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EU funds sought to prop up BSF plan

News | Published in TES Newspaper on 5 December, 2008 | By: Richard Vaughan

BSF agency goes cap-in-hand to European Investment Bank

The agency delivering the Pounds 45 billion Building Schools for the Future (BSF) initiative has been forced by the credit crunch to go cap-in-hand to the European Investment Bank to secure funds.

The approach to the bank is an attempt to ensure that the vast school renewal programme is not undermined by the economic downturn.

Partnerships for Schools (PfS), the delivery body, has blamed the recession, claiming that the “challenging” financial conditions have meant UK banks are either unwilling or simply unable to back the scheme.

It is understood that talks are “well under way” with the European Union’s investment agency to bail out up to five local authorities that are struggling to find private cash.

Among those local authorities hoping to receive a funding boost is Barnsley, which is bidding to build nine new secondary schools, with the European bank supplying up to 50 per cent of the cash.

A PfS spokesperson said: “These are challenging times. Lending conditions in the private finance initiative market have tightened considerably and we are working extremely hard to manage the current challenges and minimise any delays.

“Exploratory discussions with the European Investment Bank are now well under way, with a view to them contributing to the funding of a number of BSF deals.”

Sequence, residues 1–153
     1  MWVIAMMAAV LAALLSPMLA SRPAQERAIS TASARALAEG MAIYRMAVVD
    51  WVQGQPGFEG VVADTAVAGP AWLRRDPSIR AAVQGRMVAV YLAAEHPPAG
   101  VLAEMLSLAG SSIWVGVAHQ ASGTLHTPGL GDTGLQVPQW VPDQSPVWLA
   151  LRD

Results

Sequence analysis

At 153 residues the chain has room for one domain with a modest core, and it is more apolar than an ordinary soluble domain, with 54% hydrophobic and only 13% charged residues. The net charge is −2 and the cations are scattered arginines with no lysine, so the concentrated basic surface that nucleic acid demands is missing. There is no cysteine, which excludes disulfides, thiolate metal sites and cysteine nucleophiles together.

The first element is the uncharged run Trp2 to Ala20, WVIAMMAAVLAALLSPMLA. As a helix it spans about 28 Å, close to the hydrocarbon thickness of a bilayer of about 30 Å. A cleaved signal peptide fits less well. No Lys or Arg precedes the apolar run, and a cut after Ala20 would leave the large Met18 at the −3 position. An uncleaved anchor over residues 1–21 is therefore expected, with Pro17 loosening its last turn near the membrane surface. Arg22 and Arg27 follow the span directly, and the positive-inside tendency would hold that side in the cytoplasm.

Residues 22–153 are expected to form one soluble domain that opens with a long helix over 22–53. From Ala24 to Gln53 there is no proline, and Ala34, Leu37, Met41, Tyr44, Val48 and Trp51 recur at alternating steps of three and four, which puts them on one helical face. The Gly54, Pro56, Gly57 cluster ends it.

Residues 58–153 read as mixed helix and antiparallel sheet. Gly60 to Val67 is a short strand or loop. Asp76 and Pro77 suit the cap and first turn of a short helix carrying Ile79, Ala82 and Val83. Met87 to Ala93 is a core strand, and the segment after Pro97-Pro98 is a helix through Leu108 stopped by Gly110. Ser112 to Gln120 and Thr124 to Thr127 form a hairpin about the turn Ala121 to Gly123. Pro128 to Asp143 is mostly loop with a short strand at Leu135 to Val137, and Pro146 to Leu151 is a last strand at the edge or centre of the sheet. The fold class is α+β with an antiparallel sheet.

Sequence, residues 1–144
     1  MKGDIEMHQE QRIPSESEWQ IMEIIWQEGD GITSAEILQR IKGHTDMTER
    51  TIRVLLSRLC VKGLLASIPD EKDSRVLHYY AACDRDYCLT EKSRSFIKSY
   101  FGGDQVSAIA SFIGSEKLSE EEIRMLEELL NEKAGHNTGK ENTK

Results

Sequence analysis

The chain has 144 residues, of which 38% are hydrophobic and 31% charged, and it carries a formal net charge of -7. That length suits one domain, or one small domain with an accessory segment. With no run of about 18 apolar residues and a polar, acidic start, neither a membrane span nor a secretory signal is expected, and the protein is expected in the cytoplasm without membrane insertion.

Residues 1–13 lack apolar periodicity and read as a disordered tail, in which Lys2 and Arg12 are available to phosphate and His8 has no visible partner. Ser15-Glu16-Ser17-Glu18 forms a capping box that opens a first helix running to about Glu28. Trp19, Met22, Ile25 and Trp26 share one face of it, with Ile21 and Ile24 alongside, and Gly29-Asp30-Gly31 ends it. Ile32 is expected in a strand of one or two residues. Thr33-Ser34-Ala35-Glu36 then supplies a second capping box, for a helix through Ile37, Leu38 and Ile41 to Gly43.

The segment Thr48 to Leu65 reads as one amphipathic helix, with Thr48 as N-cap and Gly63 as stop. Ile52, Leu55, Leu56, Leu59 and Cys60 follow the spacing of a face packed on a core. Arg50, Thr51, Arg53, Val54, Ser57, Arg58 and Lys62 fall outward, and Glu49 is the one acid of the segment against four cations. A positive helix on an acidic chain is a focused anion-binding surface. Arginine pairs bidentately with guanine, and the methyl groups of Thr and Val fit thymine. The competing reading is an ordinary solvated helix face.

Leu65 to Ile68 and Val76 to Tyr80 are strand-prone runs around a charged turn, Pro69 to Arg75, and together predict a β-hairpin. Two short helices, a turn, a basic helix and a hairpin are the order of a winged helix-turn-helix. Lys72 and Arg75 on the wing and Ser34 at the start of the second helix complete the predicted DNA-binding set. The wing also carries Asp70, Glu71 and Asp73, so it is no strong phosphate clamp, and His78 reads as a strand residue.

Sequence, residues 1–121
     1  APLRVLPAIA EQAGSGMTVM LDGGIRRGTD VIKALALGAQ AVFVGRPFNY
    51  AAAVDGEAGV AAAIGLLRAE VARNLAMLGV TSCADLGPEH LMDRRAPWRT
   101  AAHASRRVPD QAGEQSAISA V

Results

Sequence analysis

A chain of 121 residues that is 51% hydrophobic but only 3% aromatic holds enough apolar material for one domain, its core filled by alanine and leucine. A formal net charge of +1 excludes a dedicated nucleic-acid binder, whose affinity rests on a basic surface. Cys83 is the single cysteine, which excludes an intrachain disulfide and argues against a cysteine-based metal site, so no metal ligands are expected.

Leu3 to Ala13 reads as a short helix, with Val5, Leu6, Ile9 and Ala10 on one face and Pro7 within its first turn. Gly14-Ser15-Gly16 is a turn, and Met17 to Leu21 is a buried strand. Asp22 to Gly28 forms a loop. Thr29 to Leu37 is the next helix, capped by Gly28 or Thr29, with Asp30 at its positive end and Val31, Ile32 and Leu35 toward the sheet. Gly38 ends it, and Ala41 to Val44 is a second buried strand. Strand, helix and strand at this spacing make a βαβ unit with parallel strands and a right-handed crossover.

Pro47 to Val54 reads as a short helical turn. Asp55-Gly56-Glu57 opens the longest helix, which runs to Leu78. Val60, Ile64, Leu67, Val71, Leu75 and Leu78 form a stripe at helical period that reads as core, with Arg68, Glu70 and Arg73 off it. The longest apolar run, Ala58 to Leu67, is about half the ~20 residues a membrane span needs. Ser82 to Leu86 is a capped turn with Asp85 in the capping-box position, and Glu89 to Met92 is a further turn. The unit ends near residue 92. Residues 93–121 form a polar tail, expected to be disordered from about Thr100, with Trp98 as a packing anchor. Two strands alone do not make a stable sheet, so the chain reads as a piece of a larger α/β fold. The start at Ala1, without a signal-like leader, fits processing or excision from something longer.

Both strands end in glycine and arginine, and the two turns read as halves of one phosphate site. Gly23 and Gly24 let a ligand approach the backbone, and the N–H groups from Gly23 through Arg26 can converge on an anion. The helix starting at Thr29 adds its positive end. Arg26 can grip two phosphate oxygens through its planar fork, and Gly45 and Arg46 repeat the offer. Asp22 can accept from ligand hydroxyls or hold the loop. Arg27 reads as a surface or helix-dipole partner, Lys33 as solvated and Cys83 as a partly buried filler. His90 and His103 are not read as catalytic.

It is not the first time the partnership has had to turn to the bank. It has already provided funding for Newcastle’s BSF programme.

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Comment (3)

  • This isn't a surprise - instead of using government borrowing to finance the new schools, instead the BSF programme relies on the builder to raise the funding, which the govt then repays over 25 years. If you were a big bank, which would you prefer to lend to - a government or a builder? And which would get a better interest rate on the loan?

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    5 December, 2008

  • Hi, in Suffolk they (the ruling tory party) want to use the money to destroy the well established and successful Middle school system, destroying confidence of the teachers, pupils and parents. A total waste of public funds and of peoples lives.

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    5 December, 2008


  • Can anybody explain why the EIB is underwriting the investment of the big banks so commercial banks can take control of state assests which will be rented back to the state for the next 25 years ? HOw come when we were a poor country we could build schools within the local ecconomy ?Where loads of little schemes running locally delivered results through the local building ecomomy, schools and kept the money in the local economy. Now we are successful we decide to joint all the needs together under one umbrella which is so massive that only European money and complex funding with bankers and lawyers (and god knows how many civil servent) can get involved. (what do they cost and contribute I wonder) With the collapse of the £ - even our strongest national companies like RM will be easy pray to international take over-as they hold such irrevocable access to public cash for the next 25 years. Net result - our education system works for the benefit of some tosser in the Cayemen Islands, and money is hooved out the not just local economy but the national one. Has anybody noticed who now owns Northgate ?

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    12 December, 2008


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